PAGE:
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From Staff Reports
In a move that highlights both Google Inc.'s ambitious global vision – and the massive infrastructure investments required to make that vision a reality – search-engine giant Google Inc. (GOOG) is in early discussions to invest in a group looking to lay a high-speed telecommunications cable beneath the Pacific Ocean.
The project would pave the way for all kinds of high-speed Internet and voice-based telecommunications services to such Pacific Rim nations as China and Japan.
Published reports in The Wall Street Journal say the discussions "remain fluid," without citing a source.
In the early days of telecommunications – involving the telegraph, as opposed to today's Internet – it was the construction of a transatlantic cable that first really revolutionized telecommunications by making it a truly global medium and a worldwide business enterprise. And that spurred experiments by such researchers as Nikola Tesla and Guglielmo Marconi, which then led to such innovations as transatlantic wireless telecommunications.
The beneficiary: The consumer. For instance, the price of a telegram in 1866 was $1.25 a word. Today, factoring in inflation, it is 60 times cheaper. Businesses also benefited, cutting their costs and making them more efficient.
The transpacific-cable-project talks come along amid a major resurgence in interest in constructing such undersea fiber-optic networks underneath the Pacific Ocean. The reason: Such a network is a much better way of serving the soaring demands for telecommunications and Internet services in the surging Pacific Region. Because of all that growth in China, Korea, Taiwan, Vietnam, and a revitalized Japan, telecommunications capacity is at a premium, and existing infrastructure is inadequate from a service standpoint and outmoded from a technology standpoint.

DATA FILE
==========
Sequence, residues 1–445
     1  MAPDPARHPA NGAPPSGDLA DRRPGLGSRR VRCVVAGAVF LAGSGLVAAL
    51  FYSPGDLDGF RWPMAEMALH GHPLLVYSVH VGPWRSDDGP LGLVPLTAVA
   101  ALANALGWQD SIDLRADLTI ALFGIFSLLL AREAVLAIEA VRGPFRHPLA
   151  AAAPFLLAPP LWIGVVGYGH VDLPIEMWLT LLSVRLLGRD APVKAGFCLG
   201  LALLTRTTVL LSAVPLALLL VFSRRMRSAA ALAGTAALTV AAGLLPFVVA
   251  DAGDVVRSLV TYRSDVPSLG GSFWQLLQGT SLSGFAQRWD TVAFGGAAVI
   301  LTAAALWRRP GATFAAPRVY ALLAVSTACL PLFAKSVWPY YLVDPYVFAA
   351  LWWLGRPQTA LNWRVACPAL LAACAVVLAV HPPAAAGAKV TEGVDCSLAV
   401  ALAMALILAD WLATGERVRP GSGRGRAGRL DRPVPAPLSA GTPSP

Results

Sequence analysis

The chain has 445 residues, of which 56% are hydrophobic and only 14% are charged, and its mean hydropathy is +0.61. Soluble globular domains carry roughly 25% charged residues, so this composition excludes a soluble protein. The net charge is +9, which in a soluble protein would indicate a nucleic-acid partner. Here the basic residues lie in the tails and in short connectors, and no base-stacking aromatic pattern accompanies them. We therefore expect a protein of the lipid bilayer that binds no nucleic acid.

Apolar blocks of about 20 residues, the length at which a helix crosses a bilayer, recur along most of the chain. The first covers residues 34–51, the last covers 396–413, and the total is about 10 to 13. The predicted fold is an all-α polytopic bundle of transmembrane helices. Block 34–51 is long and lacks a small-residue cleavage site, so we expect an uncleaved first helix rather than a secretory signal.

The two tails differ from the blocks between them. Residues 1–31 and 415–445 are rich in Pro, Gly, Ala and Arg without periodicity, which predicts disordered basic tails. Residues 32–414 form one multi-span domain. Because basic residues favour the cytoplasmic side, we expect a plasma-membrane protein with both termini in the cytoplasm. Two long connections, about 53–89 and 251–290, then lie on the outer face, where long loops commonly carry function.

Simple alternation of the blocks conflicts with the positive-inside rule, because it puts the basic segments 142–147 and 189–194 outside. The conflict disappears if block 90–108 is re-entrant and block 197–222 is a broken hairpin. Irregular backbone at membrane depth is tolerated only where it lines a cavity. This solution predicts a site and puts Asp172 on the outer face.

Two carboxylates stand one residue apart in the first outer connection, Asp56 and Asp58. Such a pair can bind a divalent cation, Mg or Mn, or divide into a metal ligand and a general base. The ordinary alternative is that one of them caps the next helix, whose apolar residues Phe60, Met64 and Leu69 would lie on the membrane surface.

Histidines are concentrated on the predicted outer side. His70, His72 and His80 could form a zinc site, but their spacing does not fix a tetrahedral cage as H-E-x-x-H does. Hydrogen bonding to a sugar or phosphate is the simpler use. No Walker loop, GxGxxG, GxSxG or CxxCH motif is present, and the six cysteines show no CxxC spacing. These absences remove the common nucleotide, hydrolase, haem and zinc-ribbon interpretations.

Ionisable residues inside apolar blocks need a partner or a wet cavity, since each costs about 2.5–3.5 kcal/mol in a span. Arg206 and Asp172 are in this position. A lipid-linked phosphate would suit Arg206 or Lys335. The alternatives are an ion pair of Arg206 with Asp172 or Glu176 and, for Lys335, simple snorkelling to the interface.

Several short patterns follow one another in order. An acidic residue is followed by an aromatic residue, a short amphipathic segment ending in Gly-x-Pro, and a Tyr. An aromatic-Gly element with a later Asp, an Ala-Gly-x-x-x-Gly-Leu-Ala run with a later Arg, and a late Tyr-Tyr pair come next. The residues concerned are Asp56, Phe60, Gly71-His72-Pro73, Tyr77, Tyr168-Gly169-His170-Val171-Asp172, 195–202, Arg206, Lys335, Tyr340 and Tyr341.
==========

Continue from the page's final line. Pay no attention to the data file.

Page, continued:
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According to The Journal, the December earthquake off Taiwan's coast severely damaged existing undersea cables, causing drastic disruptions in Internet service throughout Mainland China. That incident, and the problems it caused, brought demands for new investment in better-and-more-modern networks to provide backups and to reduce the chances of additional disruptions in service. Several of the major global carriers – Verizon Communications Inc. (VZ) and AT&T Inc. (T) – are already moving to build new transpacific cables.
In a company statement, Google would only say that "additional infrastructure for the Internet is good for users and there are a number of proposals to add a Pacific submarine cable." The talks were reported earlier this week in Australia's Communications Day.
Reports of Google's interest in this project once again revive the almost-never-ending speculation about just what the company's long-term ambitions actually are in the worldwide Internet and telecommunications sector. Most recently, reports indicate that Google is interested in bringing both high-speed Internet and voice-based telecom services to consumers – perhaps even via wireless technology, since Google has said it will bid for the U.S. wireless spectrum licenses next year. But the reports of the company's interest in the transpacific cable project indicate Google is also very interested in bringing high-speed telecommunications services – from e-mail to voice – to businesses worldwide, as well.